Some people who think they're at low risk for heart disease might be surprised about what a neck ultrasound could tell them about their hearts.
The finding comes from a study of more than 13,000 adults with no history of heart disease or stroke.(Read entire article)
Repeat exams using widely available and inexpensive ultrasound imaging could help identify patients at high risk for a heart attack or other adverse cardiovascular events, according to a study published in the September issue of the journal Radiology.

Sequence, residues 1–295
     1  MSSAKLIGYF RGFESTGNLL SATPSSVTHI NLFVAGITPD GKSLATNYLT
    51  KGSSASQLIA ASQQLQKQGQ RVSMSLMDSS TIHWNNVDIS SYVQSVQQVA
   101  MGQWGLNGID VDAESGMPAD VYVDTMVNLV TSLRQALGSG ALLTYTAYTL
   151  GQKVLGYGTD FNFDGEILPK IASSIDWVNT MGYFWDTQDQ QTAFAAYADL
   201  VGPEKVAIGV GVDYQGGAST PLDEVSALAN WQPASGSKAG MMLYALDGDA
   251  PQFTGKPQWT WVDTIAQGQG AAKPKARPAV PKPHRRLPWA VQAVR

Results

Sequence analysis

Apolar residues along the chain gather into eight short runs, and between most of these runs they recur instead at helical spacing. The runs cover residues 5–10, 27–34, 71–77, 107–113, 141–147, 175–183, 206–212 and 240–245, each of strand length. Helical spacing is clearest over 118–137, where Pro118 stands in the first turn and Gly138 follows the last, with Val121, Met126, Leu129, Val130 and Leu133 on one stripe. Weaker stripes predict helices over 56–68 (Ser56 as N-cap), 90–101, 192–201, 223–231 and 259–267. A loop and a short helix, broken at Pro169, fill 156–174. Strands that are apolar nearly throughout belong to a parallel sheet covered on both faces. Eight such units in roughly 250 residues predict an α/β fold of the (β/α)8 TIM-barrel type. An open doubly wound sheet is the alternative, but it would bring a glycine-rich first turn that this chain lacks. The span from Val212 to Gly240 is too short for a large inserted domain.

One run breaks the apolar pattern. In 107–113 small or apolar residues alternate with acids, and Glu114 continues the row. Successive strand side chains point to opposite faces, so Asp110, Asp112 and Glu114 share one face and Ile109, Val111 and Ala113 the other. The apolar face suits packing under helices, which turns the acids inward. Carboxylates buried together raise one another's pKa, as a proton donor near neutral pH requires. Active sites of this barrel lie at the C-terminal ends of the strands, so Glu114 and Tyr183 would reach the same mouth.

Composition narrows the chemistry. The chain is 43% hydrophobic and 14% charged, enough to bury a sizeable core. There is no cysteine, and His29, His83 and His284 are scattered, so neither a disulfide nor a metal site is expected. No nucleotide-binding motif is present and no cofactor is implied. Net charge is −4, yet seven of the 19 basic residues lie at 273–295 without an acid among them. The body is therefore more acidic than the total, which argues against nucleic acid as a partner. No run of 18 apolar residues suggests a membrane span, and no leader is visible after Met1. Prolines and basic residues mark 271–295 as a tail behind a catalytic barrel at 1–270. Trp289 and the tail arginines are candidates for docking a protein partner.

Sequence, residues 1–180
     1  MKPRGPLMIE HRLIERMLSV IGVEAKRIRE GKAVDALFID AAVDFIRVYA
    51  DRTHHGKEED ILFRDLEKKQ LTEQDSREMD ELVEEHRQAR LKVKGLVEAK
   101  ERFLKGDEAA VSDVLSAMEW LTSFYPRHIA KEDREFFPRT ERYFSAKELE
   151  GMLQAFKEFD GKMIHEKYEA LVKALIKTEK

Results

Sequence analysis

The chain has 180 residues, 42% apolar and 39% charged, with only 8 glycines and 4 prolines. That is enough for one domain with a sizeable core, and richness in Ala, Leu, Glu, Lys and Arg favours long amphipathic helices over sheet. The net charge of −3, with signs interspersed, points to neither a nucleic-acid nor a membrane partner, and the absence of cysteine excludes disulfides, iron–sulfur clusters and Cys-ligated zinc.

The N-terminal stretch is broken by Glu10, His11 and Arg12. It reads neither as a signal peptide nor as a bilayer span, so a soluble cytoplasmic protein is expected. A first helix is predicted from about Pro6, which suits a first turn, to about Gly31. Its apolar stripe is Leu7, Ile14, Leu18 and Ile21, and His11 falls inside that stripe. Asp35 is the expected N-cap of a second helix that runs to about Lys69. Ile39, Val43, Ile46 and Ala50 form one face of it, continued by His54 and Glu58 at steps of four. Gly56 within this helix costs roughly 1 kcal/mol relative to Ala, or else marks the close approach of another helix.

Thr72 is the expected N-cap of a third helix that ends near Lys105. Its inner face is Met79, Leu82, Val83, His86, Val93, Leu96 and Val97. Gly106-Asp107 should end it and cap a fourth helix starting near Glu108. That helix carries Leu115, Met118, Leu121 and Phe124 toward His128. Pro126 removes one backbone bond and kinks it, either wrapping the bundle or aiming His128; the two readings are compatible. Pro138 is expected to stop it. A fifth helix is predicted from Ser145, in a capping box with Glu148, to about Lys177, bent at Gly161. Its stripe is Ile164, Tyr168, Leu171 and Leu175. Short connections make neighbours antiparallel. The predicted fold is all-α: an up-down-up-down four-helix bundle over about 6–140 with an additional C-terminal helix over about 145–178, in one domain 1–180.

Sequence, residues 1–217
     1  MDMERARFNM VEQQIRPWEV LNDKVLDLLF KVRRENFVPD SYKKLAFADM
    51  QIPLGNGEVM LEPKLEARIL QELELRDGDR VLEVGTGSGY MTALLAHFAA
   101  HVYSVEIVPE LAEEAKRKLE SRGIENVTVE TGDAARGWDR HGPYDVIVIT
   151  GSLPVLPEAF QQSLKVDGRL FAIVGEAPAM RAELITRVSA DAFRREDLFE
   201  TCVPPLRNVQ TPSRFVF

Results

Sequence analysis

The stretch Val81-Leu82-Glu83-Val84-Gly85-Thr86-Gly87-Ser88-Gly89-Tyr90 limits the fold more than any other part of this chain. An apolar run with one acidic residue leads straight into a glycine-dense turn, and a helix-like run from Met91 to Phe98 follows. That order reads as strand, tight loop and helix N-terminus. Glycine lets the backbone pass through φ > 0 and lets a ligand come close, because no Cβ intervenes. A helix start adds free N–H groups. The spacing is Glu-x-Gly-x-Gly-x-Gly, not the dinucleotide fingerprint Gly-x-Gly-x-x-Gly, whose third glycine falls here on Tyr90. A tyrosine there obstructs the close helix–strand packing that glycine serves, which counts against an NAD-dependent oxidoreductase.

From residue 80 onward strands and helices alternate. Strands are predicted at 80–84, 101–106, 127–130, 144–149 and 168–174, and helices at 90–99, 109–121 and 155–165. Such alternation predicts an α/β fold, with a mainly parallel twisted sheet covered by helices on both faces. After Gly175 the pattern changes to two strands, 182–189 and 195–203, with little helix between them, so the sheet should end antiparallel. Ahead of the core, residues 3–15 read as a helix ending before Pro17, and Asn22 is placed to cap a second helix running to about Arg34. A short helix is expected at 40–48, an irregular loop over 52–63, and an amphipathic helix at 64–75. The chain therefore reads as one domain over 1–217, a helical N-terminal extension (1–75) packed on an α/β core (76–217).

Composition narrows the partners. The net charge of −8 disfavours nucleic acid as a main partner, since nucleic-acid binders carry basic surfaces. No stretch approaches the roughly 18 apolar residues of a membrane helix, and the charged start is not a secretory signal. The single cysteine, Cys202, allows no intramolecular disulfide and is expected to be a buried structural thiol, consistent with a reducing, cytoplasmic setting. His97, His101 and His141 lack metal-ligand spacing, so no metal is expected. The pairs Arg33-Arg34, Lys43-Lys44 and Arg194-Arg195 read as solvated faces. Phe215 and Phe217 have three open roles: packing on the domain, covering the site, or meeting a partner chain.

Researchers performed ultrasound imaging on the carotid arteries of 1,268 patients who were asymptomatic but at high risk for cardiovascular disease. Of those, ultrasound determined that 574 patients had carotid artery disease, as determined by the amount of plaque built up in the two vessels that supply blood to the head and neck. Each of those patients had a second ultrasound exam six to nine months later to measure changes in the plaque lining the arteries.(Read entire article)